I finished a chess board

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Project by Tony Ennis posted 10-24-2009 09:05 PM 4035 views 8 times favorited 19 comments Add to Favorites Watch

I have a friend who did me a great favor. We had been playing chess in the office. His son also started playing in school. So I made him a chessboard as a token of my appreciation.

Unbeknownst to me, my son wanted the chessboard. He didn’t mention it because I didn’t say I was giving it away. I didn’t say anything because I didn’t think anyone cared. Great communication, eh?

So I wrote a note to my friend on the bottom of the board. My son was, “Man I can’t believe you’re giving that away.” I realized then perhaps I had erred. So I made another for him. Here it is with larger images.

The board proper is made of maple and walnut. It’s hard to go wrong with that selection. The frame around the board is cherry. I had never used cherry before. I really like it. If you look close you can see the a mahogany inlay around the playing area. This wood was a poor choice on my part, but it is the way it is. I should have used something with more contrast.

The squares are 1/4” thick and glued to a 1/2” plywood substrate that’s let into the frame.

I finished it with polymerizing oil and paste wax. I didn’t stain it.

Here’s a link to a multi-part posting detailing the construction of the first chess board. I made lots of time-wasting mistakes which you can hopefully avoid.

-- Tony

19 comments so far

View Napaman's profile


5534 posts in 5086 days

#1 posted 10-24-2009 10:31 PM

very nice…I can see the mahogony…and I bet in person you can see it better…it does blend in but I like it…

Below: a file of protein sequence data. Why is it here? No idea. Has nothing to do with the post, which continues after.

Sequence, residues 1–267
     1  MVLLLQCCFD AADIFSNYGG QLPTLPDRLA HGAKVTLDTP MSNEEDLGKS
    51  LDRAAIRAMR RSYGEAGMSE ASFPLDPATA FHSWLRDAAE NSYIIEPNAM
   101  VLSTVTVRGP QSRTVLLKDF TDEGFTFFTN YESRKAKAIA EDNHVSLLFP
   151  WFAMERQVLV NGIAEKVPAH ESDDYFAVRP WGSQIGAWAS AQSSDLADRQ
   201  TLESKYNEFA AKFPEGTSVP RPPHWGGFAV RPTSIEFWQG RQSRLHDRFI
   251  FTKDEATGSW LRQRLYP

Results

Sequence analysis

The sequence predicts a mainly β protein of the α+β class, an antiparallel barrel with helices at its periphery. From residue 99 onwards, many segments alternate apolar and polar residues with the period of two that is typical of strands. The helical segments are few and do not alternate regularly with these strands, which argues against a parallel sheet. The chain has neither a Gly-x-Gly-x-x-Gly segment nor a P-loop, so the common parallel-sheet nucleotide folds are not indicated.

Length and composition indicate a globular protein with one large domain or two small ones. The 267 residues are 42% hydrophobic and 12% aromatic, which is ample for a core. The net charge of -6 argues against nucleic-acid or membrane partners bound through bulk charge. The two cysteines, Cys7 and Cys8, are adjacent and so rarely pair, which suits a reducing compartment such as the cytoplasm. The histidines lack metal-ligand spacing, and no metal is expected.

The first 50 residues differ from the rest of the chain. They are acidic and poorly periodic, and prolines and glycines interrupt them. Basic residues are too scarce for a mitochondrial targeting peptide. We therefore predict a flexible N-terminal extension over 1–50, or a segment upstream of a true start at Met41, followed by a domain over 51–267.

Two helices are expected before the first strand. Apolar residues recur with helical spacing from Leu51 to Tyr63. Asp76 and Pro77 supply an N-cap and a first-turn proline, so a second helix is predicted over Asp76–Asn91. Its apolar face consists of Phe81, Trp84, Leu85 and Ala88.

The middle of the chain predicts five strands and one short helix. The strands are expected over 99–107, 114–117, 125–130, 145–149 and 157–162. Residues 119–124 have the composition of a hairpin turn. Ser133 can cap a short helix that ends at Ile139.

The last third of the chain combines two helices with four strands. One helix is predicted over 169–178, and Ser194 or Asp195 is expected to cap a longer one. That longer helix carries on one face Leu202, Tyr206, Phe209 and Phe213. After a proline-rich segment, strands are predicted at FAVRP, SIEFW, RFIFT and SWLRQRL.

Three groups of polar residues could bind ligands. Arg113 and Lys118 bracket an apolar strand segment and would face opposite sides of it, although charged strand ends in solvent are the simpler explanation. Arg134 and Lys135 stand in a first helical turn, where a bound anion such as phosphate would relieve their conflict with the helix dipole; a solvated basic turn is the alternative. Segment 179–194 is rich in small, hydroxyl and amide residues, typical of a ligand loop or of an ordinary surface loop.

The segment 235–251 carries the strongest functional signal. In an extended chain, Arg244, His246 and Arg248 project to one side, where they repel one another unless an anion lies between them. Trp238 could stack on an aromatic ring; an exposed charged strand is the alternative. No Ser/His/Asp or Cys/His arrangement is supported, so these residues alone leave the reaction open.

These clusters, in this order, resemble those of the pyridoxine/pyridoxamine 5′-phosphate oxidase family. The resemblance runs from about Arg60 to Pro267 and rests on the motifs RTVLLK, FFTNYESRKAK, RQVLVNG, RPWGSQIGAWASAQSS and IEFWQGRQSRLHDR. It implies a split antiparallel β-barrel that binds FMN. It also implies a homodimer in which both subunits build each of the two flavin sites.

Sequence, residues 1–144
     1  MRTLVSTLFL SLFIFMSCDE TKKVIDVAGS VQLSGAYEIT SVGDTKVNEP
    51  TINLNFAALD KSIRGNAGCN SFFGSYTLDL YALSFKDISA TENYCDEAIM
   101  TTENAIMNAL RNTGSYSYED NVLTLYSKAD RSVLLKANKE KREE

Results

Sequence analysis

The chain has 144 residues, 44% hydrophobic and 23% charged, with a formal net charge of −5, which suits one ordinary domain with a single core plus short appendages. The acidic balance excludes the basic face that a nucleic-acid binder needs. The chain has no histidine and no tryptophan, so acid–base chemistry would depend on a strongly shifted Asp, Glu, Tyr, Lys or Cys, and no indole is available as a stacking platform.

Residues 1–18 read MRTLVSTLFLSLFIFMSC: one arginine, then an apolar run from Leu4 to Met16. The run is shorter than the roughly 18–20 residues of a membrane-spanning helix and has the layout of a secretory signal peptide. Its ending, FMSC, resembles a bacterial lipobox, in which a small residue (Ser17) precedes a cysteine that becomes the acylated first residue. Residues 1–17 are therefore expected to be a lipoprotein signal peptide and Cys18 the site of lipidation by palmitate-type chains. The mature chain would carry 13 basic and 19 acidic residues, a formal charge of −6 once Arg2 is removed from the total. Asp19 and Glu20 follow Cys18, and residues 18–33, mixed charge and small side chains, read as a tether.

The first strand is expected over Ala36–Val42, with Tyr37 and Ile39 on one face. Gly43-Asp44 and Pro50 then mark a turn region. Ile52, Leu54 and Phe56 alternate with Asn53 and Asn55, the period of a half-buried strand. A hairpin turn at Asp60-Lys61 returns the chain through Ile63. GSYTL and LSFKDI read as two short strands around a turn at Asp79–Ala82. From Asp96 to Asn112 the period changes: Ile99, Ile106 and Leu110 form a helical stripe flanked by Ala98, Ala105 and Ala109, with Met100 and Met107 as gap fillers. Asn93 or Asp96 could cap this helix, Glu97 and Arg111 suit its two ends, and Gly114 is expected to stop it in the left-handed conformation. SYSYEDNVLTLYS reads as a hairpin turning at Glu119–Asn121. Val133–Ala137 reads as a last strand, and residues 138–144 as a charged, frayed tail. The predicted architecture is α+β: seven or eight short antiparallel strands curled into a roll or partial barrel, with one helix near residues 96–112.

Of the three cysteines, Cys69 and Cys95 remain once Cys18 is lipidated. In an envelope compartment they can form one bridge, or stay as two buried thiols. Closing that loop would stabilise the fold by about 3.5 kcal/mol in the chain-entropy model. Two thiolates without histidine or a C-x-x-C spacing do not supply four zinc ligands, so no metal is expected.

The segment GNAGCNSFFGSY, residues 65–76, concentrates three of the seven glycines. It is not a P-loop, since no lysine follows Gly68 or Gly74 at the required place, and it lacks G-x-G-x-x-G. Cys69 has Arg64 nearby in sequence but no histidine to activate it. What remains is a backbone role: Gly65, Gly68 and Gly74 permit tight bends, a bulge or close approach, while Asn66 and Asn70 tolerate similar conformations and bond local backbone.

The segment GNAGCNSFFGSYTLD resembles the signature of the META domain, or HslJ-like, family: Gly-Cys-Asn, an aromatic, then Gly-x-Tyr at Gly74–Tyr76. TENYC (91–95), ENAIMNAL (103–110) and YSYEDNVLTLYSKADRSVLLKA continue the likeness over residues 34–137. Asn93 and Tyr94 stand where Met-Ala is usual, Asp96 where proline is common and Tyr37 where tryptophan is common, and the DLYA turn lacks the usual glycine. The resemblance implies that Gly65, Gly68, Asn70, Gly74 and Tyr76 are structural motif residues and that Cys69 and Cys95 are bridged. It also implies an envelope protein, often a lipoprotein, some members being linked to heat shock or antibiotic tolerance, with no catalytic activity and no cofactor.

nice gift!

-- Matt--Proud LJ since 2007

View spud72's profile


333 posts in 4503 days

#2 posted 10-24-2009 10:34 PM

Nice job Tony. I plan on making a chess board for my brother for Christmas this year. I intend on refering to your blog for tips.

Thanks for the posting.


-- Guy,PEI

View branch's profile


1142 posts in 4163 days

#3 posted 10-24-2009 10:44 PM

very nice work did it take you long

View degoose's profile


7281 posts in 4363 days

#4 posted 10-24-2009 10:51 PM

I like the sweep in the base of the border..
the combination of timber is classic,... and the stripe of Mahogany would be more noticeable in real life…

-- Don't drink and use power tools @

View CanadaJeff's profile


207 posts in 4618 days

#5 posted 10-25-2009 12:23 AM

Did you have any trouble gluing it up and warping? I had that issue last time with 3/4 stock, but am thinking of trying it again with 1/4 stock like you did. Any tips?

View Tony Ennis's profile

Tony Ennis

139 posts in 4145 days

#6 posted 10-25-2009 12:33 AM

branch, it took me a while, but I am slow. There’s some elapsed time waiting for the glue to set.

I did board #2 in about 1/3 to 1/2 the time as board #1.

On board #1, I can tell you I spent more time fixing mistakes than I did working on the board.

Here’s the tip: When you edge-glue the alternating strips together to make checkered board, make sure the board is square. On board #1 I apparently tightened the clamps unequally and made a trapezoid. Not much – but enough to hose the works. It was a lot of work to fix that. I had to glue on slivers of maple and walnut to the defective edge and then plane them true. Waste Of Time.